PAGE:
Some hospitals are launching hospitalist programs that innovatively incorporate nurse practitioners (NP) to cut costs—but successfully integrating NPs into the hospitalist role means getting physicians on board and navigating regulatory hurdles, Lola Butcher reports for Hospitals & Health Networks.
A growing trend
According to Tracy Cardin, an acute-care NP and a hospitalist at the University of Chicago Medical Center, the use of NPs in hospitalist programs has been increasing for about 10 years. Nearly 65 percent of all adult hospital programs and 33 percent of pediatric programs employ either physician's assistants (PA) or NPs in some capacity, according to the 2016 State of Hospital Medicine Report from Society of Hospital Medicine.
Cardin added that the use of hospitalist NPs is likely to grow as hospital's shift to value-based payment models. "All hospital medicine practices rely on hospital funds transfer to survive," she said. "With hospitalist physician salaries going up in an era of shrinking reimbursement, that is not a sustainable business model."
Finding the right fit
As physicians and hospital leaders become more comfortable giving NPs more responsibilities, NP hospitalist programs are evolving—but there is no one-size-fits-all model, Butcher writes.
For instance, at Rusk County Memorial Hospital, a 25-bed hospital in Ladysmith, Wisconsin, an offsite physician oversees the NP-run hospitalist program. Rusk CEO Charisse Oland credits the program with saving the hospital. According to Oland, the NP hospitalist program alleviated the need for physicians at the hospital to be on call, which helped bolster recruitment efforts and successfully attracted more primary care physicians.
Other hospitals contract with an outside hospitalist firm, Butcher writes. For example, several small hospitals in Indiana and Ohio have contracted with Hospital Care Group (HCG). While the mix of physicians and NPs shift from hospital to hospital, the firm's "primary model is to have a physician there during the daytime and an NP covering that hospital either on-site or off-site during the night," according to Mark Drapala, HCG's CEO.
Meanwhile, the NP hospitalist at Pinckneyville Community Hospital works weekdays so that he can do rounds with doctors to provide "continuity of care throughout the day," Butcher writes. CEO Randall Dauby explained, "[Our NP hospitalist] is constantly in and out of the rooms, checking on each patient, regardless of their acuity level. The perceived care is better, the customer service is better, and the results are showing up on our Press Ganey scores."
Dauby also credits the NP hospitalist for improving physician satisfaction and significantly dropping 30-day readmission rates. For instance, the NP hospitalist takes medical histories, does EHR entry, orders tests, and writes discharge summaries—responsibilities that free up physicians to see more outpatients.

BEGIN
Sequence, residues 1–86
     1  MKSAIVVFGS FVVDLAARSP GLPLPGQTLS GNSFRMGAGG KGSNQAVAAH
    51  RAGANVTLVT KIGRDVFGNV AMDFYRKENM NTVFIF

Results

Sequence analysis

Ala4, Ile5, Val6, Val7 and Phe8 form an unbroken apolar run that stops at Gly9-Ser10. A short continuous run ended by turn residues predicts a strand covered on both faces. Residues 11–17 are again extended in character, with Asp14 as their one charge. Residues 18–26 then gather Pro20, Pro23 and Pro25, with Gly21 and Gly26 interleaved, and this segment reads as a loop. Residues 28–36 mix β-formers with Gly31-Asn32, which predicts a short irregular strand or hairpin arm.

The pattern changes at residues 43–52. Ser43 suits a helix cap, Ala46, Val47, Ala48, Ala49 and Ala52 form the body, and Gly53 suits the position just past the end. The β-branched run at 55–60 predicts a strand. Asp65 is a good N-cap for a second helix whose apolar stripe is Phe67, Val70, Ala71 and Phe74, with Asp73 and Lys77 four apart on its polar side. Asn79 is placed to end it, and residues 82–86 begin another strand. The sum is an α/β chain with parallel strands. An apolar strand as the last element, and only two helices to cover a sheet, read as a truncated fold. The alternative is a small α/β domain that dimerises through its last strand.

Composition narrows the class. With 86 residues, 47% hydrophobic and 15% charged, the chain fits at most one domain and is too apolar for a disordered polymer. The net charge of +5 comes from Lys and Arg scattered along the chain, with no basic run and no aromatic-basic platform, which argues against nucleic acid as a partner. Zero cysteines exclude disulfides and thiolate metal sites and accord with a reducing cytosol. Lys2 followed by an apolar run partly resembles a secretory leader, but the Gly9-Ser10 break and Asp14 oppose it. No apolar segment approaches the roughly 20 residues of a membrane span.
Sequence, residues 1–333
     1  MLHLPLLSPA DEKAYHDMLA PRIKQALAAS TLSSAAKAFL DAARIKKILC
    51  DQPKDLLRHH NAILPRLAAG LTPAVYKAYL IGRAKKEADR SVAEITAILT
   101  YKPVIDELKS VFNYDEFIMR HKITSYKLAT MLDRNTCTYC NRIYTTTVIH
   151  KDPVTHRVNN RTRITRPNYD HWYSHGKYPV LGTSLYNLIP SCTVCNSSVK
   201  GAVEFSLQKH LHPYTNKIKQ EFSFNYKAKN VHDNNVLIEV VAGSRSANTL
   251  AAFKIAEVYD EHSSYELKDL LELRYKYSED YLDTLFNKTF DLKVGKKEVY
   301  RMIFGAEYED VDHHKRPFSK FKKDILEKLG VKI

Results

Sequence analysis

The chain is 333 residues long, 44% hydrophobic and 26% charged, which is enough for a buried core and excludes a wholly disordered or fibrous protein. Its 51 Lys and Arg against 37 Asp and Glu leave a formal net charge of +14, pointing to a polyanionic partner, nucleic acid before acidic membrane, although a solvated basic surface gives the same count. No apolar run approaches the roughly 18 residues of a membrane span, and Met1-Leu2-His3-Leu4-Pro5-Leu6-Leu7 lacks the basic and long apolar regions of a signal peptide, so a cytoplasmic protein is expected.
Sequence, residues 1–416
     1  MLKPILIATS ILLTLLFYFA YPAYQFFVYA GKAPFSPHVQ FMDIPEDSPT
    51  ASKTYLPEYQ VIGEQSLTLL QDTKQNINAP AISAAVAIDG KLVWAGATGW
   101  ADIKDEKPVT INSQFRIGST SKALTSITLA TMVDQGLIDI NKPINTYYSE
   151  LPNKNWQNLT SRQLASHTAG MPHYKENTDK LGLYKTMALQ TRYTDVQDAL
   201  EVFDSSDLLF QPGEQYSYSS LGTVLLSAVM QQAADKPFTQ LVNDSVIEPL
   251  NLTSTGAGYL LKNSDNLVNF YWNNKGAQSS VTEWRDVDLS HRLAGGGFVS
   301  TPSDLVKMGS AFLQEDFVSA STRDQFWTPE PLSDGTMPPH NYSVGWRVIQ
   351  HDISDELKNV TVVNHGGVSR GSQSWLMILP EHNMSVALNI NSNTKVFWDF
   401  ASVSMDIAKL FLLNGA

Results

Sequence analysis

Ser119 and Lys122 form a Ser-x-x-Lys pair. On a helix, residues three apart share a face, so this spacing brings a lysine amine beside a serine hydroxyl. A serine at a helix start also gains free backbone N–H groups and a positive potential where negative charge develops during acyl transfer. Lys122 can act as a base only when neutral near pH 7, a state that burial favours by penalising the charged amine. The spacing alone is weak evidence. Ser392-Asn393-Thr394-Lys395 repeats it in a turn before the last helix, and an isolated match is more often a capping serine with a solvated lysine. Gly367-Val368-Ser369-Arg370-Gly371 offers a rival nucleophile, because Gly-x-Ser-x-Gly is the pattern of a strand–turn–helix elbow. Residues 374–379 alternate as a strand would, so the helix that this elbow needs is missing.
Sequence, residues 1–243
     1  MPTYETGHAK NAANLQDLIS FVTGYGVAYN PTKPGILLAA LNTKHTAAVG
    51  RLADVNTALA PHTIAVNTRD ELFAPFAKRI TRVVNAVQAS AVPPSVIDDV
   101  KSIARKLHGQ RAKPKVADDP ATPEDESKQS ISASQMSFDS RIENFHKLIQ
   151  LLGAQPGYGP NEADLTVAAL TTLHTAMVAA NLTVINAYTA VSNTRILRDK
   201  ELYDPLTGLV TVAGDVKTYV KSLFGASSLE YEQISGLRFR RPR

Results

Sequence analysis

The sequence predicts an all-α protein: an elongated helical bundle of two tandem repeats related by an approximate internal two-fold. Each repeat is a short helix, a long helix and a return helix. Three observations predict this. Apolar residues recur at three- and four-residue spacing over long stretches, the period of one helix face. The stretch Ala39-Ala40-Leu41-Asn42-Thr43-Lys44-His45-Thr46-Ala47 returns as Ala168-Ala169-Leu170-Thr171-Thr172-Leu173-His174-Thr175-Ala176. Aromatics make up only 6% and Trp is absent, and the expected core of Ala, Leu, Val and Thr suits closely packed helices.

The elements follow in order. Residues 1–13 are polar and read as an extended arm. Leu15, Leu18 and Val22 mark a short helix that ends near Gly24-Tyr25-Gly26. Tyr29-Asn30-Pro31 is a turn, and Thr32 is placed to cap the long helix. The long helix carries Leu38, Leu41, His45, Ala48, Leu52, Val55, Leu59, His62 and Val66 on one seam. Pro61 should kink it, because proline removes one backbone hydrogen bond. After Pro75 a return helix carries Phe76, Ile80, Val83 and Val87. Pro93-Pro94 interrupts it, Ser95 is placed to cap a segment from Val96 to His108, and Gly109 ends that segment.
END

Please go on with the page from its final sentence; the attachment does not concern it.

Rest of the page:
However, Butcher writes that launching an NP hospitalist program is not as simple as just swapping out physicians for NPs. According to Butcher, successful programs also think through regulatory challenges, care team structures, and governance issues.
For instance,hospitals interested in hiring NPs and PAs as hospitalists have to look both at and beyond scope-of-practice laws—which vary significant by state—to " other statutes and regulations that can have a significant impact on the utilization of advanced practice clinicians," according to Matthew Stanford, general counsel for the Wisconsin Hospital Association.
Butcher explains that many laws were written when only physicians managed patient care, some of the requirements can unintentionally limit other clinician's scope of practice—leading to potentially confusing situations, such as whether advanced practice clinicians can activate a power of attorney or admit a patient to a nursing home. CMS also has different billing rules for midlevel providers.
There are also internal governance challenges, such as those that deal with hospital bylaws. The hospitalist NP program at Rusk, for instance, reduced the admissions volume among physicians which threatened to block certain doctors from voting on hospital practices. "We rewrote our bylaws to allow physicians who are actively participating in committees—quality, infection prevention, peer review and so forth—to continue to have an active status and to be able to vote on our medical staff," Oland says.
Other issues to sort out involve NP's eligibility for leadership roles and whether NP notes need physician sign off, Butcher writes. And there is also the issue of physician support. But as Cardin put it, "What I find is that once [physicians] work with NPs and PAs, they love them, and the working relationship increases physician satisfaction" (Butcher, Hospitals & Health Networks, 4/10).
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In most hospitals, hospitalists care for over 50% of patients and are an inflection point for many of the metrics used in pay-for-performance programs. A high-performing hospitalist program is a key strategic asset, yet few hospital leaders feel they have fully leveraged their hospitalist program to advance outcomes.
With the right support and expectations, hospitalists can have a profound impact on quality and culture across the organization. However, there are many barriers hospitalist programs must overcome to optimize performance